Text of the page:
Would you serve your children Kool-Aid with sugar or NutraSweet?
My children never drank Kool-Aid as I didn’t ‘t buy it. I also didn’t buy my children sweetened carbonated beverages (soda or pop). Since children usually don’t have their own money or drive a car, I was their food gatekeeper.
Rather than dealing with children begging to buy foods while grocery shopping, empower your children by giving them a sugar value that is acceptable to you. For instance on food labels, 4 grams of added sugars equals 1 teaspoon of sugar an 8 grams of added sugar equals 2 teaspoons of sugar. You may want to set a boundary where your children (if they can read) look at food labels in the store and with your sugar boundary, let them figure out whether or not a food product meets your sugar guidelines. This may assist children in paying attention to what is in packaged foods when they grow up and buy food with their own money.
If you are concerned about sugar versus aspartame, unless your child has diabetes, offer them the sugar-sweetened beverage on special occasions. The sugar content of these powder mixes is about the same as carbonated beverages (9 teaspoons of sugar per 12-ounce beverage). I am not opposed to occasionally giving children, who are within a normal weight range, sugar-based beverages, fruit drinks or soda. Special occasions, like birthday parties, are those occasions when a sugar-containing beverage is acceptable.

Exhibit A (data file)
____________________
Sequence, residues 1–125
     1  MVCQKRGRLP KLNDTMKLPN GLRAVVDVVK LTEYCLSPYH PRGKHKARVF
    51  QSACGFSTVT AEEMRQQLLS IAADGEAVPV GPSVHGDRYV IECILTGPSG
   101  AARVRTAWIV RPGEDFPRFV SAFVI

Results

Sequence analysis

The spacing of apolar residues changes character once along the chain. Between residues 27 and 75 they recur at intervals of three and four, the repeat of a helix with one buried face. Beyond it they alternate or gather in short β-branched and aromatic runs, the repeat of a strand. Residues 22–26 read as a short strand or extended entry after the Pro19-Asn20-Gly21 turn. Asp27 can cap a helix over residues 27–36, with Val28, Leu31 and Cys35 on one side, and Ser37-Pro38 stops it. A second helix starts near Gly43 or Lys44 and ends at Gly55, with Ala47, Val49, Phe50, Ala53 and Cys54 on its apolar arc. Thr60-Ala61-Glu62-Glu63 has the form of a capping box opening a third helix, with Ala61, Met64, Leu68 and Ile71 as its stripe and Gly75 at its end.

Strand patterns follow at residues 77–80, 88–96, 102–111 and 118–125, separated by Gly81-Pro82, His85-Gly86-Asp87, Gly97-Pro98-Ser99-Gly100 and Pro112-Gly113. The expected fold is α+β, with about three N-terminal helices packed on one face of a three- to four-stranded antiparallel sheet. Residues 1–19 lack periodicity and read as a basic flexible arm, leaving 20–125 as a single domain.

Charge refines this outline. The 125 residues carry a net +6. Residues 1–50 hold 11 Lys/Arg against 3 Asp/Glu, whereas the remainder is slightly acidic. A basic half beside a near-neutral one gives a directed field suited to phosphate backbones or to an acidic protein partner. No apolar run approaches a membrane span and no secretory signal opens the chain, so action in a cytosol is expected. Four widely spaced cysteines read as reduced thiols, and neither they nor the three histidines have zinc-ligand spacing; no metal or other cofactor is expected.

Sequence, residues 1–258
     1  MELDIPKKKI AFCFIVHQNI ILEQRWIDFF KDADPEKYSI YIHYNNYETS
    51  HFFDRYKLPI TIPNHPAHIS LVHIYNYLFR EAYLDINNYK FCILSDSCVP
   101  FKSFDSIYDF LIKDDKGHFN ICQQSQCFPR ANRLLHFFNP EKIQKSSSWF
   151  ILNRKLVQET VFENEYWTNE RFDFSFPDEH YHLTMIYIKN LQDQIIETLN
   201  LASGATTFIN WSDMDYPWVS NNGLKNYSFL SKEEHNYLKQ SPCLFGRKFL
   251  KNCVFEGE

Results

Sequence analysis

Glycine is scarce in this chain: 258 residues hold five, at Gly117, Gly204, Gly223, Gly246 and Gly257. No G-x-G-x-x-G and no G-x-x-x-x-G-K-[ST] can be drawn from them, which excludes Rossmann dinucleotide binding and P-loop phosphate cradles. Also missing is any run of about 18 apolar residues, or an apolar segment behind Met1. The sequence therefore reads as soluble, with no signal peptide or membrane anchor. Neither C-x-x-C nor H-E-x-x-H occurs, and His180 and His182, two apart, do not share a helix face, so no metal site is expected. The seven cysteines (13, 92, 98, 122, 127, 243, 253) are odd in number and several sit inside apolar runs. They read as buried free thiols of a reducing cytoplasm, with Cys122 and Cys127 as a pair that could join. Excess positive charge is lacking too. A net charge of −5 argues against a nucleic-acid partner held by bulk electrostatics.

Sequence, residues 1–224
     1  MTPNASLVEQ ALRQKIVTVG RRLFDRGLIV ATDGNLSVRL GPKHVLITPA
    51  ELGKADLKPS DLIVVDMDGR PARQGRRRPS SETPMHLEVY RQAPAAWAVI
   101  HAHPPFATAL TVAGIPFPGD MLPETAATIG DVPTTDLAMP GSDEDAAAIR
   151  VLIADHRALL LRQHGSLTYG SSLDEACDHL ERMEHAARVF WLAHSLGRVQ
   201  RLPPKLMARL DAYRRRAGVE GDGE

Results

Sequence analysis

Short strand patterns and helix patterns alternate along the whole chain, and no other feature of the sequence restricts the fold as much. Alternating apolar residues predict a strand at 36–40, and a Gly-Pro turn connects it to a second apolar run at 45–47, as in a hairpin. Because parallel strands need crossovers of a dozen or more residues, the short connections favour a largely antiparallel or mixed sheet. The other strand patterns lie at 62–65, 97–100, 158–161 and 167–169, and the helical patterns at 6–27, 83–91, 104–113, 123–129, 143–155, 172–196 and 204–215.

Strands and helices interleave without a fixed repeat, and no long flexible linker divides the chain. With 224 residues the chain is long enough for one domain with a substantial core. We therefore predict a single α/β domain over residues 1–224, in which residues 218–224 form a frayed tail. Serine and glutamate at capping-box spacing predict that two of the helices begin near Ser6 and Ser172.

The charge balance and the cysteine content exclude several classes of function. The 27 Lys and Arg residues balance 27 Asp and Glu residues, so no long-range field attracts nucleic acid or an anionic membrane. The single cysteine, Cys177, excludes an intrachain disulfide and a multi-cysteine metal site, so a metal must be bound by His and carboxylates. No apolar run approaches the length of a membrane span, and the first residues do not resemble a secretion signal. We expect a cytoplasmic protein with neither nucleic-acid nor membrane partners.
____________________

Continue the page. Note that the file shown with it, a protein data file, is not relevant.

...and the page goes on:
I am concerned about diet conscious adults putting children on their diet. Parents should avoid feeding children “diet” foods. An adequate amount of calories and nutrients should be available to growing children to ensure brain and physical growth.
Why not offer other beverage choices to children? In hot weather, offer double diluted fruit juice with twice the amount of water, just plain cold water is good thirst quenchers or frozen fruit juice cubes instead of popsicles.
Taste preference is something that is learned from birth through the age of six. If sweet foods are offered frequently, a child will be more likely to develop a preference for sweets. Don’t give into children’s pressure to buy a sugar-sweetened beverage either. Children are smart and know the first 9 times they ask, their parent will say no and that the parent will say yes on the 10th time out of frustration. It is important for a parent to be consistent with behavior challenges and your children will learn that no means no. This extends to other out of boundary issues.